So many of our workplaces are battlegrounds where people look to advance by tearing others down. In many ways it is a real challenge to be a Christian in the workplace. This challenge means avoiding self-promotion by noting the failings of others, real or contrived. It means not returning insult and pettiness when we have been hurt by others. It means not using others for our own selfish gain.
Jesus could smell this coming into the Church and put a stop to it immediately. He had just instructed his disciples on his coming passion, but they didn’t hear it. Instead they were busy discussing their great positions in the Kingdom of God. Jesus nipped this one right in the bud. When he called a child to them and told them that their position in the Church should be like that of a little child, he was knocking them down from what they perceived as the top rung to the very bottom of the ladder. A child had no standing in Jesus’ world. That culture did not revolve around children as our culture does. Children were ignored. Jesus tells his disciples that their ambition should be to be as insignificant as a child of their day. More than this, he tells them that one of the greatest things that they can do is to care for a child.
I often mention this to parents during the celebration of the baptism of a baby. I tell them that when they were teenagers they might have had wonderful plans for their future. Perhaps they wanted to be successful in business, law or medicine. But, I tell them, there is nothing that they can do which would be greater than being a Christian parent, a mother or father that allows a child to reflect the presence of the Lord that child was created to bring into the world.
I know many of you who spent long years studying to be engineers, and doctors and lawyers, etc, and who now use your education to change diapers, do first grade arithmetic, etc. You are doing something far greater than you can imagine. You are being a good parent and forming a child into a Christian. You have bumps in the road. You may have to use more psychology than a clinical psychologist to convince your teenage daughter that she is lovable. At times, when the kids are particularly trying, you may wonder if the struggle is worth it. Today’s Gospel tells you that it is infinitely worth it. By caring for the presence of Christ in the child, you, we are caring for Christ.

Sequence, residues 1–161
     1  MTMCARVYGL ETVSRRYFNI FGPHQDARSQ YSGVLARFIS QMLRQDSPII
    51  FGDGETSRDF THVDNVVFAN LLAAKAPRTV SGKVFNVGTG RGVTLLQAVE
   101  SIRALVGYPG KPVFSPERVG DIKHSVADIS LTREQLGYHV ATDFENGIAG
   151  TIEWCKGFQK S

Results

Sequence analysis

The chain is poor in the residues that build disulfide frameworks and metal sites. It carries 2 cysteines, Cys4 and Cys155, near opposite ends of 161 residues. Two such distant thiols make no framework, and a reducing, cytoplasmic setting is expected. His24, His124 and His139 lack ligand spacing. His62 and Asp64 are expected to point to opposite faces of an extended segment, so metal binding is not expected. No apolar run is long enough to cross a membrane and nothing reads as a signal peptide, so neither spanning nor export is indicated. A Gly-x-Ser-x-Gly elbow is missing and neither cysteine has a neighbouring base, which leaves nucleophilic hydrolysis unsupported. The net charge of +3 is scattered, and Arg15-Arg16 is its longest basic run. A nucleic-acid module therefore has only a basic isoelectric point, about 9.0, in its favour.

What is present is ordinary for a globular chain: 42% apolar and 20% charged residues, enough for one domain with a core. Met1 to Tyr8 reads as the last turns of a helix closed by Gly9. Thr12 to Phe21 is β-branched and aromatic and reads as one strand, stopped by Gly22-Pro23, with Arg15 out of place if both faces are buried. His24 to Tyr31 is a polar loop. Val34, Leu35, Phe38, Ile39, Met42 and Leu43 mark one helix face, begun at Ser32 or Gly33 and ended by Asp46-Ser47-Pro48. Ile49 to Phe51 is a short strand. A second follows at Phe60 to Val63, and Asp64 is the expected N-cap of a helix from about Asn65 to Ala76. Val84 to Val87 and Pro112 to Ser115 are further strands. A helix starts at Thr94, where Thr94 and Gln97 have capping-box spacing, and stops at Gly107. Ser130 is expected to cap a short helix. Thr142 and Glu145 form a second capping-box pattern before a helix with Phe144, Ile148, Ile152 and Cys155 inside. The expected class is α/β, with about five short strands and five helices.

Jealousy and selfish ambition are part of the human makeup that we continually fight so that we can be Christians. We have a guide to help us avoid these limitations. The guide is Jesus Christ. He was not jealous of John the Baptist whose living of the faith was far more ascetic than Christ’s. He did not seek any throne, although it was continually offered to him by the people--as well as by the devil. He was not arrogant. He wanted nothing more than to care for the least of his Father’s people. He identified with the poor and the sick. And he identified with children.
We can be like him. We can live for others, especially those in our families. We pray today for the courage to make the cultivation of Jesus’ presence in others the priority of our lives.